Legumes and Nuts

In the ARIC study with 23 years of follow-up, legume intake ranged from 0.07 to 0.68 servings per day and nut intake ranged from 0.03 to 0.86 servings per day [25••]. Both legumes and nuts were significantly associated with lower risks of CKD, with HRs of 0.83 (95% CI, 0.72; 0.95) and 0.81 (95% CI, 0.72; 0.92) for high versus low intakes, respectively (Fig. 1) [25••].


One study in 9229 South Koreans, followed for 8.2 years, reported on fruit consumption and incident CKD [29••]. Fruit intake ranged from 143 to 345 g per day and showed no association with incident CKD (HR of 1.00) (Fig. 1) [29••].



Three studies examined coffee consumption and incident CKD (Fig. 2) [31,32,33]. The Iranian TLGS compared coffee drinkers (median intake 8.3 ml per day) to non-drinkers [31]. In the ARIC study in the USA [32] and the Korean Genome and Epidemiology Study in South Korea [33], those drinking at least 3 cups [32] or at least 2 cups [33] were compared with non-coffee drinkers. In the Iranian study, a non-significant direct association between coffee and CKD was found [31], whereas in the US and Korean studies, significant inverse associations were observed in those with higher coffee intakes, with HR of 0.84 [32] and 0.80 [33], respectively (Fig. 2).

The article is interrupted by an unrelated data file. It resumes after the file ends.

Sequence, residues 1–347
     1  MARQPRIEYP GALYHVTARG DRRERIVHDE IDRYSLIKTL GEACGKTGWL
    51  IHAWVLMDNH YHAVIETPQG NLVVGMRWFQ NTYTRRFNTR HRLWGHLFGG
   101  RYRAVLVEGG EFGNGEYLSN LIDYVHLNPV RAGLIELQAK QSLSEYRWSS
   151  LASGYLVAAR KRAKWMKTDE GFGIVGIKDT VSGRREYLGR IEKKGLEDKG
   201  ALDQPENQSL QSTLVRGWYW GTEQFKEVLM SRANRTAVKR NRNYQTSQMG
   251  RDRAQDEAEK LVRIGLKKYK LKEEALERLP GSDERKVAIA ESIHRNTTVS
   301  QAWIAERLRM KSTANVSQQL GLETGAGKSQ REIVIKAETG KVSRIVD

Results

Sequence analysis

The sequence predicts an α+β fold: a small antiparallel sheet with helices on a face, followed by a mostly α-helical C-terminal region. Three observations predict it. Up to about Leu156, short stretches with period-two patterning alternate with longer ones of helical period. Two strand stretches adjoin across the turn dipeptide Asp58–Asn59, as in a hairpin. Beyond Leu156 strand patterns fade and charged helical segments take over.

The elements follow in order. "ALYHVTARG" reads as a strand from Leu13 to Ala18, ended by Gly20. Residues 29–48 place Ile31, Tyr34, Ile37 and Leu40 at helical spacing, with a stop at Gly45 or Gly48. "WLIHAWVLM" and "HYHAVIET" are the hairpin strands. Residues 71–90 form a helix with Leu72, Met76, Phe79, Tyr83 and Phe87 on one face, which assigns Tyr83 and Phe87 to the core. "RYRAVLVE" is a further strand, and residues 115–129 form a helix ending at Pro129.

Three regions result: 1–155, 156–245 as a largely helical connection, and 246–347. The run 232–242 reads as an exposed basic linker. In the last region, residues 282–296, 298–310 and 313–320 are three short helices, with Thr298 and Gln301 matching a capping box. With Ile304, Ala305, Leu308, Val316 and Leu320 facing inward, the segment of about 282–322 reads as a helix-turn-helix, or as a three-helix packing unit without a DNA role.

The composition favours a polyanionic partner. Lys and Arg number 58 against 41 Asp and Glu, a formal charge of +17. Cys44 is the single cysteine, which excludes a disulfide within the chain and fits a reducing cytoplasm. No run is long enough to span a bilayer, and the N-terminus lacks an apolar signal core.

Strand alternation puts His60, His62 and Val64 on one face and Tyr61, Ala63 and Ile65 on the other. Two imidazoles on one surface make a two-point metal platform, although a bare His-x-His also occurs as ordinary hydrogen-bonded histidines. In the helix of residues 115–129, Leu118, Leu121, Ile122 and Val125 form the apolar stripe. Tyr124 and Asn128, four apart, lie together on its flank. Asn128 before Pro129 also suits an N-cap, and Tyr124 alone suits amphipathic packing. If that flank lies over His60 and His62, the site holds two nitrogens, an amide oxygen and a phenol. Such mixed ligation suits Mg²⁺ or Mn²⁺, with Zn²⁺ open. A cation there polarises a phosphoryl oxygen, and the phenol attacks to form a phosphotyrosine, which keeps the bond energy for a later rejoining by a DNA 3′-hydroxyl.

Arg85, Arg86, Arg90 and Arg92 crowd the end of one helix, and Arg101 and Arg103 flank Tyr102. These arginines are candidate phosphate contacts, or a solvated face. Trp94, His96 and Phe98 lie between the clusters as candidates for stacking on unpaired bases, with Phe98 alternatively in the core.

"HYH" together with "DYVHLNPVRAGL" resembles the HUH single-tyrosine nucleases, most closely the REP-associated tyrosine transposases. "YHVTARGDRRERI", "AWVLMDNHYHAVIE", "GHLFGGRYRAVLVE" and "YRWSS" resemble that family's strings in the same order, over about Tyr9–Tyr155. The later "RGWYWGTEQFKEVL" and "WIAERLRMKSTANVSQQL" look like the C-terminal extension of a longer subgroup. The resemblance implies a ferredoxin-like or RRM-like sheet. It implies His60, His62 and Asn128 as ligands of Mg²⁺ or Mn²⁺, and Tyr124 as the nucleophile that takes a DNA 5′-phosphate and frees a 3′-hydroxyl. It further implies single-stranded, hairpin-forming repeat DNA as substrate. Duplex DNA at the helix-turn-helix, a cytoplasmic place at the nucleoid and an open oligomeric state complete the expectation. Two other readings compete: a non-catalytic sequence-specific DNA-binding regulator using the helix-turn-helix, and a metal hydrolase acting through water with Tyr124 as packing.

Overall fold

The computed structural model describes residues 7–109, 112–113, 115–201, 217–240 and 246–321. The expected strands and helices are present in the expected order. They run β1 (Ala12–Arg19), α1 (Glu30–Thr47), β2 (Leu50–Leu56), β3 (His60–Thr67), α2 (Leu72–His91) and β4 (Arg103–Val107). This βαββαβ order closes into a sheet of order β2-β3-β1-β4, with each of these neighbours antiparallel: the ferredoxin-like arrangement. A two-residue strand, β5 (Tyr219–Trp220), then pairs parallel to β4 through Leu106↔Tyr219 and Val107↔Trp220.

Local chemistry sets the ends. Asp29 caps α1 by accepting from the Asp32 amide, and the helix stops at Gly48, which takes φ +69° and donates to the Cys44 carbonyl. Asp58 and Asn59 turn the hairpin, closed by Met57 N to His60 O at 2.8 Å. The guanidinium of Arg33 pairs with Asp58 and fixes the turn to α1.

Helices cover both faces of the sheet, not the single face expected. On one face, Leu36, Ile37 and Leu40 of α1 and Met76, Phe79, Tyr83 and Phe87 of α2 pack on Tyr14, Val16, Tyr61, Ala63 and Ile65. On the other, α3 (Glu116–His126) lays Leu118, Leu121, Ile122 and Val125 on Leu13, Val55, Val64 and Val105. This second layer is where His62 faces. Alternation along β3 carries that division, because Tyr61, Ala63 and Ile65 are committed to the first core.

The Iranian TLGS also reported on tea consumption, ranging from < 250 ml (low intake) to > 750 ml per day (high intake) (Fig. 2) [31]. Unfortunately, data on the type of tea and its preparation method was not collected [31]. However, a previous study reported that in Iran, black tea is often consumed [34] with added sweets and sugar, including a variety of additives [31]. No significant association with incident CKD was found (Fig. 2) [31].

Soft Drinks